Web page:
Watch out for more events soon, and stay in touch! See below the photos for the web of ideas incorporating suggestions made during the night and afterwards.

  • Would you like to join our Sustainable Skerries Chat Group on WhatsApp? Send an email to [that’s the correct email] with your name and phone number!
  • Follow us on Facebook, on Insta, on Twitter – and please, please, like, share, comment on, our posts so our reach grows!

Ideas from the Tables and from the Feedback Forms from Skerries Eco Night 22nd November 2022 

So what was the outcome of the first Skerries Eco Night? A colourful web of ideas!

We tried to tease out some strands and to summarise the suggestions here by theme.

In general:

As individuals, we all can be open to information about the current situation regarding climate and biodiversity.

We all can look for small, sustainable solutions.

We all can let politicians of all parties, and none, know how important these issues are to us.

We all can do our best in our households, families, groups, businesses, on our commutes and places of work.

We all can help spread awareness that living a more environmental life usually means more, not less enjoyment.

We all can start by not judging anybody, just doing our own best.

As parts of groups, we can make sure environmental and climate awareness underpins all we do. (Maybe have a ‘green officer’?)

We can cooperate with other groups, seeking overlaps, synergies, sharing information.

We can participate actively in future Skerries Eco events – a series of evenings that focus on one issue each, maybe, a Skerries Eco Festival perhaps, or even steps towards a Skerries Eco Hub for information and tool sharing.

There are many, many suggestions here. Some may be easier than others, some might have a bigger impact. Some may even contradict others! We did not sort them by relevance, we did not have the time to fact-check them all (and if there is anything that is actually counter-productive in this list, please let us know by email to and we’ll take it off)… we just tried to harvest the ideas triggered by the first Skerries Eco Night and to group them loosely. Why not pick something that speaks to you, suggest them to your group, join a relevant group or find some others who might be interested and set up a group, and have a go?!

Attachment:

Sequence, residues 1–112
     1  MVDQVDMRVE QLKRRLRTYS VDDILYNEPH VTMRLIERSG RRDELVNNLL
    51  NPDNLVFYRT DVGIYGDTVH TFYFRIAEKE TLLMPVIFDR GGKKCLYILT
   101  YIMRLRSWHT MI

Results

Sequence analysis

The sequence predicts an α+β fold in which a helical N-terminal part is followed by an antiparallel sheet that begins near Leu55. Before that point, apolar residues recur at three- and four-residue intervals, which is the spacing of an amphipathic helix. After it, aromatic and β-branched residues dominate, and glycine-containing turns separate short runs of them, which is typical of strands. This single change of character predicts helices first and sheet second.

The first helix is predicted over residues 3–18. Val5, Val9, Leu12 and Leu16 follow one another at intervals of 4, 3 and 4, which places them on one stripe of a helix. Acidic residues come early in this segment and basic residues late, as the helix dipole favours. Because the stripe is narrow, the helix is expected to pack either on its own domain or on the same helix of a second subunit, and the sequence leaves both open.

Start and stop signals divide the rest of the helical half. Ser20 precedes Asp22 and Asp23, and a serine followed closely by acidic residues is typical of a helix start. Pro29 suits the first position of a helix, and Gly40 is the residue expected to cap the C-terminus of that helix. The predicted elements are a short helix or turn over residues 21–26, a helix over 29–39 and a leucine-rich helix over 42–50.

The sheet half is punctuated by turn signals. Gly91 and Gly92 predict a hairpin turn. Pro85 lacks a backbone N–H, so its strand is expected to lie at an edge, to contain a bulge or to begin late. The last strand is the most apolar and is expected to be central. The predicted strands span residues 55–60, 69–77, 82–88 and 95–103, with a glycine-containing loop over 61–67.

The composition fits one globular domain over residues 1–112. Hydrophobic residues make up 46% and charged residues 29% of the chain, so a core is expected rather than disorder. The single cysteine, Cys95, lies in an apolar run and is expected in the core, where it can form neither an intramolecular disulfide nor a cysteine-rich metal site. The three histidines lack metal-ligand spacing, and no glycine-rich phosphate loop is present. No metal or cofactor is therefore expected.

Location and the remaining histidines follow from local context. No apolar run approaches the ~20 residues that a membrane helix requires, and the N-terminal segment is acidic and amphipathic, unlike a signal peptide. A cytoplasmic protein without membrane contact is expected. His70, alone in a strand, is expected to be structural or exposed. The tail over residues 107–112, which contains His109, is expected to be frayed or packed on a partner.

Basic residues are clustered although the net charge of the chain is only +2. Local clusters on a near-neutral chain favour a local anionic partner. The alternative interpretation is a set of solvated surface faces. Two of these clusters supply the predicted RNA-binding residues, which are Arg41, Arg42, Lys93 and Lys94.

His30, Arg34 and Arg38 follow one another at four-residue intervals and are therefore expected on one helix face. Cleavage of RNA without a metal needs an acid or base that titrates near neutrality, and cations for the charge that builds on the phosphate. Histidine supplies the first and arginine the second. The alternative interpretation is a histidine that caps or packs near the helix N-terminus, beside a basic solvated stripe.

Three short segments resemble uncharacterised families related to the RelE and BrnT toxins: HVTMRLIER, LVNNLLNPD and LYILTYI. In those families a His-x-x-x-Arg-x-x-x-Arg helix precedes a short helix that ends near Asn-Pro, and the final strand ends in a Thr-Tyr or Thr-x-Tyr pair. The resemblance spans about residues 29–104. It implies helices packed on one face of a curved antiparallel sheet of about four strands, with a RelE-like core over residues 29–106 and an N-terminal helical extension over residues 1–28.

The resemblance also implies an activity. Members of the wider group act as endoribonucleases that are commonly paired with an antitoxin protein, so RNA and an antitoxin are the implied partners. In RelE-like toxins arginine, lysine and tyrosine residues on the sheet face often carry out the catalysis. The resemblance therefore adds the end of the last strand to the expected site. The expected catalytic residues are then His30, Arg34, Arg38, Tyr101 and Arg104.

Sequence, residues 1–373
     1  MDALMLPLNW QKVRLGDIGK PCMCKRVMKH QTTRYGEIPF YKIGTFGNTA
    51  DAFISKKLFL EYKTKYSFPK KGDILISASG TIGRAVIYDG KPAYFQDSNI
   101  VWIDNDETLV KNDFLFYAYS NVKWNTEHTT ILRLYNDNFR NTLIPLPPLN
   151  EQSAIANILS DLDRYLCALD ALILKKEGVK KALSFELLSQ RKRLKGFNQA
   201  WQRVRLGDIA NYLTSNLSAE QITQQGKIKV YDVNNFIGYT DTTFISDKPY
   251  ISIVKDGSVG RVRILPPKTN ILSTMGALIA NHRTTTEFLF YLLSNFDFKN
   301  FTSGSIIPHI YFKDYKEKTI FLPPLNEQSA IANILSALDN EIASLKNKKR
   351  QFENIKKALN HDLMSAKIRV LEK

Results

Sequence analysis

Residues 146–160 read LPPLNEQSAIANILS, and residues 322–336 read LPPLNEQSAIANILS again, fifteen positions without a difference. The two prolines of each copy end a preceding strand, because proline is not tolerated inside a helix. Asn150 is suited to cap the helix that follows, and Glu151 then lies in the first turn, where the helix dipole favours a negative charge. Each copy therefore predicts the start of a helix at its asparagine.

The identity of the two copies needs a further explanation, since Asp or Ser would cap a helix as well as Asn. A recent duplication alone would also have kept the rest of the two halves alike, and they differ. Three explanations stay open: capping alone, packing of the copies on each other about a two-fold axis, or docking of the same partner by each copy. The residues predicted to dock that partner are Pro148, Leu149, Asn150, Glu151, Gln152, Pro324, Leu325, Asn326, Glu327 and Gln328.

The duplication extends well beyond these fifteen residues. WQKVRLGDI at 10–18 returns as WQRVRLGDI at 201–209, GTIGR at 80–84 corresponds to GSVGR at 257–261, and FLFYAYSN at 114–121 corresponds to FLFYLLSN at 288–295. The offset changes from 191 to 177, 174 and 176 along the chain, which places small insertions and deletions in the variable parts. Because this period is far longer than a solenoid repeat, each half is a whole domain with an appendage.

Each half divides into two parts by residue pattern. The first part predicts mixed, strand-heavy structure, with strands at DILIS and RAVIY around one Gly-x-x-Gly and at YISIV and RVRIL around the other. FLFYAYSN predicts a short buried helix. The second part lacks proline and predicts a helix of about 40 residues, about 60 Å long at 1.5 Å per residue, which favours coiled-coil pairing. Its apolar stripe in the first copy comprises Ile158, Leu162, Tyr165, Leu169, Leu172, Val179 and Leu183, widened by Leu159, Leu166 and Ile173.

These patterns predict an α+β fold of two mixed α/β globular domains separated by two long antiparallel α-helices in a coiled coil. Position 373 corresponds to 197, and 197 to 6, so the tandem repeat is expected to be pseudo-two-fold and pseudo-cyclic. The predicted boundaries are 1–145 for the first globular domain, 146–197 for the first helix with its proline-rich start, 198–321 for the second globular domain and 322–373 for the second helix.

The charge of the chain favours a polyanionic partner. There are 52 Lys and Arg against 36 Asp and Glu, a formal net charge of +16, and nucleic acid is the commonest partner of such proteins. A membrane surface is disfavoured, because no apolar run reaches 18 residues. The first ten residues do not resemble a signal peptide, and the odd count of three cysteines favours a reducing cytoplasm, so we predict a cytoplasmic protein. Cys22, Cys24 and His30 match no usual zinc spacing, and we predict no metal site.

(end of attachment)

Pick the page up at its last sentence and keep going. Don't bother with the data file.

By theme:

Food growing, food production, food quality and food waste

We all individually can:

  • Grow food, make compost & share about it so others see how easy it is
  • Participate in Open Garden events (see below)
  • Reduce food waste (and money waste) – make a list before shopping, and maybe take a “shelfie” (snap a photo of your shelves and fridge so you know what you already have) , be creative with left-over food and do batch-cooking – as a last resort, compost any food waste (this is still important as it feeds the soil)
  • Purchase as much as possible what is seasonal, local, organic, waste-minimising, ecosphere-enhancing and regenerative (s.l.o.w.e.r.)…

Groups can:

  • Organise Open Garden events where local people who are growing food themselves can show others 
  • Organise gardening classes
  • Use some of their available space for growing fruit or veg
  • Organise cooking classes both inside and outside schools:
    • using seasonal vegetables and fruit including how to make jams and jelly
    • how to do batch-cooking
    • making most of left-overs
    • plant-based cooking for non-vegans / vegetarians
  • Organise foraging workshops throughout the year
  • Get together and also bring in knowledgeable individuals to draw up a foraging map of Skerries
  • Open Orchards group: Find more areas to plant fruit trees, maybe linear orchards on grass verge to Skerries Point and beyond: Apples, Crab apples, Currants, Pears, Plums…

Local farmers can:

  • Engage with local groups and the public to see how we could support them to move more towards farming for nature to enhance the natural health of the countryside
  • Consider inviting locals to forage for blackberries etc, if that is possible from an insurance point of view (especially if they do not use any chemicals on their farm)

Businesses can reduce food waste:

  • Reduce Food Waste by reducing the price of more food as it goes out of date (SuperValu has increased the amount of reduced items by over 60%, we heard.)
  • Follow the change of regulations regarding Best Before with the relevant changes in labelling
  • Reduce pre-packaging so that customers can select the number of carrots they want themselves, and make loose fruit & veg no more expensive than pre-pack
  • Look into misting certain fruit & veg as shops in the Netherlands have begun to do.
  • Bring more local foods / product into their shops (we recognise that SuperValu, Gerry’s, Olive, the Skerries Mills Farmers Market, local farm shops Skerries Organic Farm and Bare Acre Farm and others already do a good bit in this area, and we would encourage them and others to build on this and extend what is available)

The Government can (and we can lobby it to):

  • Make it easier for small farmers to grow and sell organic food to a local / regional market
  • Put the onus on food distributors to make it easier for franchisees (local supermarkets) to bring local food / products onto their shelves

Food Wishes:

  • We’d like a bigger diversity of Irish-grown food on our shelves – but imports are often cheaper
  • We’d like more organic food, ideally seasonal and local as well, and at a fair price to consumer and farmer
  • We’d like another Sustainable Skerries Food Festival!

Circular Economy / Waste Reduction

As individuals, we can:

  • Contribute to the reuse of items by offering them
    • to local charity shops, and by purchasing things from them
    • on Skerries Free Stuff (Facebook group with 5,800 members):